In 2010, Ryan requested early release, partly because his wife had terminal cancer and was given only six months to live, and partly on the grounds that some of his convictions should be vacated in light of a Supreme Court ruling that was alleged to have affected their legitimacy. On December 21, 2010, U.S. District Court Judge Rebecca Pallmeyer denied Ryan's request. Pallmeyer said she knew it would be very unpleasant for Ryan to be separated from his wife, and not released until long after his wife's death, but noted that the decision to convict and to sentence, depriving an individual of liberty or life, is never taken lightly, and that there were many more cases where the defendant or incarcerated convict was in an equally serious or more serious position.[citation needed]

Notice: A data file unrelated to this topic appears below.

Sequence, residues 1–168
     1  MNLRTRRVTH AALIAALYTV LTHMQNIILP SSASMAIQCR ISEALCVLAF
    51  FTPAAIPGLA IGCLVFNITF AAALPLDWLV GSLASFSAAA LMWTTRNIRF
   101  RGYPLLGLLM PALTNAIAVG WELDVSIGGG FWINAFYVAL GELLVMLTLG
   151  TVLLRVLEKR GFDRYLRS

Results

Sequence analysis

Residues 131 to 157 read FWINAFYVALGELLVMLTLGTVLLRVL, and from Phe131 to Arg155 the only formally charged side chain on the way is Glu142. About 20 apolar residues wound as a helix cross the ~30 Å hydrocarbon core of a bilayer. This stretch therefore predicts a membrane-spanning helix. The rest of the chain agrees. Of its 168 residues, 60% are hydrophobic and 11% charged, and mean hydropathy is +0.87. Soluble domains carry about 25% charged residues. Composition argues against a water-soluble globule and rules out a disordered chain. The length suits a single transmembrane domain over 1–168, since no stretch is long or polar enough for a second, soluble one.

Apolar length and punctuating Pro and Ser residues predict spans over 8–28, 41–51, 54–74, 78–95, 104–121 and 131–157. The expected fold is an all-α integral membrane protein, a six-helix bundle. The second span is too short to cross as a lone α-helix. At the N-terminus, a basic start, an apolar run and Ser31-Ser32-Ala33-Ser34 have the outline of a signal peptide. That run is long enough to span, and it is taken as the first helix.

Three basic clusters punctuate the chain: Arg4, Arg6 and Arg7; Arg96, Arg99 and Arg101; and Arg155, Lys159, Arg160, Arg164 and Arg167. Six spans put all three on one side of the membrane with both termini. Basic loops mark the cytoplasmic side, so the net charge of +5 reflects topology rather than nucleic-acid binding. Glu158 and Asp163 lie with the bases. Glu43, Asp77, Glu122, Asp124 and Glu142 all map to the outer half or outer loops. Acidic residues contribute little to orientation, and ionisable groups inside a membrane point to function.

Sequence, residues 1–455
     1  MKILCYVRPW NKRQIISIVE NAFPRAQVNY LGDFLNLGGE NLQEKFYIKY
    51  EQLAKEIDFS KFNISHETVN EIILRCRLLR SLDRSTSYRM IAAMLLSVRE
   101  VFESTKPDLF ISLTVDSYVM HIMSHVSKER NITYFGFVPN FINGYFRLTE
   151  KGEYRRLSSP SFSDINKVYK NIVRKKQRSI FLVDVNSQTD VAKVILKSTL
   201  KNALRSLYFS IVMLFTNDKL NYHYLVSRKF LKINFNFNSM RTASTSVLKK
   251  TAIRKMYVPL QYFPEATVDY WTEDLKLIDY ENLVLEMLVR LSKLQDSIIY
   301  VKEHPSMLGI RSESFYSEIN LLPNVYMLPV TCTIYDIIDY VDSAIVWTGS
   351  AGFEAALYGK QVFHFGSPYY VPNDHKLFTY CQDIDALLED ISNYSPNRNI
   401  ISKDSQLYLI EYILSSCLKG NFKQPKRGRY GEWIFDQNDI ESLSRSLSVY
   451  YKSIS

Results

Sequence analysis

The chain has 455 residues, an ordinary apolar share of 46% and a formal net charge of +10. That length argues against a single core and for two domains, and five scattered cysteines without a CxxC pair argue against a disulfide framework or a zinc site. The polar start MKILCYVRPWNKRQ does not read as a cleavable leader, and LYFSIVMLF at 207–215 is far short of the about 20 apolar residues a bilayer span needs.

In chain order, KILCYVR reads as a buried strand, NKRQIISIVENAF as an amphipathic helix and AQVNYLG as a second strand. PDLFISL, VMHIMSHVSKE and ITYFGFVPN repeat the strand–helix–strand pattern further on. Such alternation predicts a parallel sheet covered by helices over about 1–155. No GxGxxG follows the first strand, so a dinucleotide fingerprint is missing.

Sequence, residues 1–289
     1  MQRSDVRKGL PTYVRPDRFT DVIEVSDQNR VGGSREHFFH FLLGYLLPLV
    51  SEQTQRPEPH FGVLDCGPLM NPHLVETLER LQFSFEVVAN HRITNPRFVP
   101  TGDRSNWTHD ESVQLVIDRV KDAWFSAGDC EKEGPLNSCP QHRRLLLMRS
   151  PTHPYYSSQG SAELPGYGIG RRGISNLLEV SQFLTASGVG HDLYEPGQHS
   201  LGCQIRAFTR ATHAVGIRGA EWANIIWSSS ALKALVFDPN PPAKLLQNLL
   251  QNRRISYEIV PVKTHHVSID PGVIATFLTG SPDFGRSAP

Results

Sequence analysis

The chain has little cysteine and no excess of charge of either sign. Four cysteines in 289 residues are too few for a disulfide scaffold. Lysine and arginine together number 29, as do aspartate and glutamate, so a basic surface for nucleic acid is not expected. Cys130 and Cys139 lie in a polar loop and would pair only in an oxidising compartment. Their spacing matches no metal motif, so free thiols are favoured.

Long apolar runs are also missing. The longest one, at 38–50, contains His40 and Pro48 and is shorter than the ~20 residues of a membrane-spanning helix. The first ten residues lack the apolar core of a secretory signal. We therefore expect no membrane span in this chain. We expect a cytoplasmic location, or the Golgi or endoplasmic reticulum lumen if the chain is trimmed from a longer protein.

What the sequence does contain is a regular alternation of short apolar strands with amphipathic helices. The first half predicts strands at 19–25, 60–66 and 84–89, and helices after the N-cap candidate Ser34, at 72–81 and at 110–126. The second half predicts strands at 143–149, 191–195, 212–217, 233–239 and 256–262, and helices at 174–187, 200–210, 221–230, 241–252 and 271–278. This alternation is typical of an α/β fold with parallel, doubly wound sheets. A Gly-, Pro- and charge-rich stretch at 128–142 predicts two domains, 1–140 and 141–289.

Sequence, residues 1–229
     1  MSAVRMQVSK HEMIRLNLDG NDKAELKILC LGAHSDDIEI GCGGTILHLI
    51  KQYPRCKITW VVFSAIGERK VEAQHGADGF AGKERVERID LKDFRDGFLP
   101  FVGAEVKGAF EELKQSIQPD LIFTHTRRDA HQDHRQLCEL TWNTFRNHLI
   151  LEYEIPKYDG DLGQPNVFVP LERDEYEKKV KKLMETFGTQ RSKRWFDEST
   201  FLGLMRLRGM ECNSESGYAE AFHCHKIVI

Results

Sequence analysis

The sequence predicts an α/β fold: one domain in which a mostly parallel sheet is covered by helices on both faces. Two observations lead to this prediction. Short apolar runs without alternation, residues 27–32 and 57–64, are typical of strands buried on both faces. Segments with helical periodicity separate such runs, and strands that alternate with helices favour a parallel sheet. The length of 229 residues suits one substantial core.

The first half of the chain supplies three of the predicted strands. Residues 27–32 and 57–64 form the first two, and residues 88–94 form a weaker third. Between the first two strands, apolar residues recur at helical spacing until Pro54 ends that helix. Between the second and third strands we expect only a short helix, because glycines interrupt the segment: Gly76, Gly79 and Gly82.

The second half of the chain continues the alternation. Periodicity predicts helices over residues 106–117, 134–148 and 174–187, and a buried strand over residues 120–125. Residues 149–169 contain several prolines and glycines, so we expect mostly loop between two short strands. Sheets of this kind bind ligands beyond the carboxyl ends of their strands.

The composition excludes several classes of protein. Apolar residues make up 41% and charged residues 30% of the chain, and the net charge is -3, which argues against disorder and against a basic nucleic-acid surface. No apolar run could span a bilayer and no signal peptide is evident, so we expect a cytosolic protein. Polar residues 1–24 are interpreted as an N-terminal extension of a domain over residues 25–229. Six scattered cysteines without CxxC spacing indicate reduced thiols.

On January 5, 2011, Ryan was taken from his prison cell in Terre Haute, Indiana, to a hospital in Kankakee so that he could visit his terminally ill wife.[58] Ryan was present when she died five months after that visit.[5] Ryan was released to a Salvation Army halfway house in Chicago on January 30, 2013. Less than three hours later, he was released back to his home in Kankakee on home confinement.[59] Ryan was released on July 3, 2013, a day earlier than originally planned.[60]